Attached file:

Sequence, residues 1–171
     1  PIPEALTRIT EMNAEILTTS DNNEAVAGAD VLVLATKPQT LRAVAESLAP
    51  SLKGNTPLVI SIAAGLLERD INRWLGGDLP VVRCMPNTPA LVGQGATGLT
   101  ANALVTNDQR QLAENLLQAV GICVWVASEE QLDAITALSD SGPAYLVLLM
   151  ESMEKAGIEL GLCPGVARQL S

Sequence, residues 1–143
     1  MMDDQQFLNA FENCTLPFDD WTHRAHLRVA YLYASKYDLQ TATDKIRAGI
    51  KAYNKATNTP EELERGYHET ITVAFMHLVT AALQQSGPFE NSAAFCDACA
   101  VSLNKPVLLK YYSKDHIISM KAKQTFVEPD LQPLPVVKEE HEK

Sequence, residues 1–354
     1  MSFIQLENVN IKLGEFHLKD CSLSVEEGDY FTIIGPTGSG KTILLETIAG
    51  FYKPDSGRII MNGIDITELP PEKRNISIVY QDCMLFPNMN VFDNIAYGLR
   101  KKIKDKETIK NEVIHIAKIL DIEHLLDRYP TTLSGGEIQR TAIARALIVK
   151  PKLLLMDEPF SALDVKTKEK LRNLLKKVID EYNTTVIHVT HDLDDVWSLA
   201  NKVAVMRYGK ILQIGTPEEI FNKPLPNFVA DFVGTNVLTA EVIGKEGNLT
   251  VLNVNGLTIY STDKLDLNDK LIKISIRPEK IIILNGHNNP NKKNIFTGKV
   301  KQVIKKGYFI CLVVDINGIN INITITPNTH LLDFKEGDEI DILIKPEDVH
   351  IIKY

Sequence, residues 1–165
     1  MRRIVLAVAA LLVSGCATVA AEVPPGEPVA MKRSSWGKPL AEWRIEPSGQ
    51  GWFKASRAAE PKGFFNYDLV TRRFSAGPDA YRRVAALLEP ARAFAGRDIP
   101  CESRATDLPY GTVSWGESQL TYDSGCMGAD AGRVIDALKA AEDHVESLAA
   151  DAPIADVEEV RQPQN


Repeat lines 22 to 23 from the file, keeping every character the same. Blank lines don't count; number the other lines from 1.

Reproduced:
   101  CESRATDLPY GTVSWGESQL TYDSGCMGAD AGRVIDALKA AEDHVESLAA
   151  DAPIADVEEV RQPQN